USTVnow is an example of “Slingbox hosting.” A Slingbox accepts video input from your TV or DVR and “slings” it across the Internet to wherever you are. You can select content and control the Slingbox via an app on a PC, mobile device, or Smart TV. But you don’t have to buy a Slingbox. You can borrow or rent someone else’s, and simply use that party’s Slingbox credentials to log into the box. USTVnow started out renting Slingboxes and their accounts, and later developed its own proprietary streaming media technology.
However, to be legal, you must own the right to view the content that is “slung” to you. Normally, individuals subscribe to a cable TV bundle to obtain that right. Where does USTVnow buy the rights to sling all of those channels to an unknown number of customers and free users?
It turns out (after much detective work) that USTVnow has a partnership with Nittany Media, a small cable TV operator in central Pennsylvania. Nittany licenses content from networks and distributes it through Nittany’s cable network and USTVnow. Presumably, USTVnow is paying part of Nittany’s licensing fees in some form or another. The partnership increases Nittany’s profits and gives USTVnow something it can sell legally.
One downside of this deal is that all USTVnow subscribers are limited to content that Nittany licenses. That means the 7 local over-the-air TV channels for the Harrisburg, PA area that I listed above. You won’t be watching the New York Giants play at home. You won't be getting HBO, or any "premium" cable channels for free.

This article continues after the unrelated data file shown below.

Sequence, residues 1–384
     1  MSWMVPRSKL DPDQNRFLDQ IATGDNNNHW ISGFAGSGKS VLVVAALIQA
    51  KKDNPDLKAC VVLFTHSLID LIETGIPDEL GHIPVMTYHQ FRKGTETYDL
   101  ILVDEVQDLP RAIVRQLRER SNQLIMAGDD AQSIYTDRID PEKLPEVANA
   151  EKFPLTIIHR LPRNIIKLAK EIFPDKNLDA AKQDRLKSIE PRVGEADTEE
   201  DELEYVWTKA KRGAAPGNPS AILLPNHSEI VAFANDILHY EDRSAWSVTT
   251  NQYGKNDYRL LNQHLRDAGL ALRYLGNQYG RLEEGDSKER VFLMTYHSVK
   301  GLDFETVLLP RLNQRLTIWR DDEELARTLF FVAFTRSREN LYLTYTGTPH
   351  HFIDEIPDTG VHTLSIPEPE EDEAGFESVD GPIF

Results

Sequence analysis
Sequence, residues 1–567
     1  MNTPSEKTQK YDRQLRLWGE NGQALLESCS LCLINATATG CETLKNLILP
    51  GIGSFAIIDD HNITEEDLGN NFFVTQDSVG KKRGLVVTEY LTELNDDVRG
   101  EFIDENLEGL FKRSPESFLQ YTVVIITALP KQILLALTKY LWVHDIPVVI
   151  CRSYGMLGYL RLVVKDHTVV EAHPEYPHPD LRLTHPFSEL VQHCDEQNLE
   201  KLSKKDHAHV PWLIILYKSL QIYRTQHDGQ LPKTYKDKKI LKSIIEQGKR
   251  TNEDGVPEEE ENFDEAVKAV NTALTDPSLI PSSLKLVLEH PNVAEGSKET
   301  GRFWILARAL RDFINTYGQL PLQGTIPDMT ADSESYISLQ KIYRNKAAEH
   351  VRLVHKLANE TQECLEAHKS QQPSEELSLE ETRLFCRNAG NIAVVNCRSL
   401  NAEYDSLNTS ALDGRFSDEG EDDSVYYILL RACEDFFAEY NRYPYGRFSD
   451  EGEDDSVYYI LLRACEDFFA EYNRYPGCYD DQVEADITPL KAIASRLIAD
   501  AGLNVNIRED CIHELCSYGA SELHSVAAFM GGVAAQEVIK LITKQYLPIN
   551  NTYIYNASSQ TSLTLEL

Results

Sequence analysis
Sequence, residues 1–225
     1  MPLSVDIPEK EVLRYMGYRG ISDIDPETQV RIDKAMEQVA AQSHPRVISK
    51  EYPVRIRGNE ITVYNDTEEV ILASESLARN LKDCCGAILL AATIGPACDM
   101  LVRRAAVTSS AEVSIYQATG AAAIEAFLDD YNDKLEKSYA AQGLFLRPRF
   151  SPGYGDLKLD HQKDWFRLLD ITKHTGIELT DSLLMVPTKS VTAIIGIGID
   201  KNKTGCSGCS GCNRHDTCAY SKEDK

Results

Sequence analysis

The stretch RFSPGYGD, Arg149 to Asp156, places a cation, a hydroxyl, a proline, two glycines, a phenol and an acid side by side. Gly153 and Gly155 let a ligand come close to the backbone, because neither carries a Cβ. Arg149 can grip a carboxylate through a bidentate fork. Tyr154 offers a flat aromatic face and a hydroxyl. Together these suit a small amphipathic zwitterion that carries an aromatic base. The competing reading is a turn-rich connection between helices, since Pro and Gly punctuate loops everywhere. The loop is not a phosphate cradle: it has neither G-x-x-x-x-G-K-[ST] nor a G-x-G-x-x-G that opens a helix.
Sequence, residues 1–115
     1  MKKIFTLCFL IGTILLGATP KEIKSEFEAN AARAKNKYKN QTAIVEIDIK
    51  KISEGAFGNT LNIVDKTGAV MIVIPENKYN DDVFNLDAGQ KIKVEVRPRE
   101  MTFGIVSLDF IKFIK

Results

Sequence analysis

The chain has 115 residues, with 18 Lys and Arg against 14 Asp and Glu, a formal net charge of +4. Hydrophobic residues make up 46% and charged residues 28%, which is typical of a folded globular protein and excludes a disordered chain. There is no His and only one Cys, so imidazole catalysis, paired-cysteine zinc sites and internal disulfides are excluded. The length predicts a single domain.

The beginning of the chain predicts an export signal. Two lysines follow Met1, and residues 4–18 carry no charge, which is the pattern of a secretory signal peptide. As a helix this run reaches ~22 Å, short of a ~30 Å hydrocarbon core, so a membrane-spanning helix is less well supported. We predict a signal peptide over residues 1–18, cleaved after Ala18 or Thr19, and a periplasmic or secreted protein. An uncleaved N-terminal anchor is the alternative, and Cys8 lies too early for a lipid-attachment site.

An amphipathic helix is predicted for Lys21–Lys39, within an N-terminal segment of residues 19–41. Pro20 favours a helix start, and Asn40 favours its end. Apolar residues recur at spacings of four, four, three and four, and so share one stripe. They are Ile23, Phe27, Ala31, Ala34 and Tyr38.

Nittany does license A&E, Bravo, Comedy Central, CNN, Discovery, ESPN, Fox News, NatGeo, Nickelodeon, and a dozen other cable channels. But if you want to watch those, you'll need to pay for one of their "All Channels" packages, at either $29 or $39 per month.
So USTVNow appears to be legit, but still I don't get a good vibe from a company that's operating on the fringes of the law. It's trivial to determine a user's country by examining their IP address. (See for yourself, here https://www.maxmind.com/en/locate-my-ip-address) So when they say "you must be a US citizen or resident to watch US programming," but make no effort to verify your location, that tells me they're giving a wink and a nod to folks in the US who want to sign up for the service.
Good Deal for Cord Cutters?
Aside from the legal questions, is USTVNow a good deal for "cord cutters" who want to pay for Internet only, and get their TV, movie and phone services online? You'd have to do the math, comparing this option to the "triple play" Internet/Phone/TV bundles offered by the phone and cable providers.
But if you're seriously considering a paid package from USTVNow, I'd suggest you compare it to Sling TV, which offers a $20/month package with 30 popular cable channels, and a $25/month package with 40 channels. Both are cheaper than USTVNow, and you don't have any legal or licensing concerns with Sling.
Your thoughts on this topic are welcome. Post your comment or question below...
This article was posted by Bob Rankin on 30 Nov 2016
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Article information: AskBobRankin -- Free TV Channels Online? (Posted: 30 Nov 2016)
Copyright © 2005 - Bob Rankin - All Rights Reserved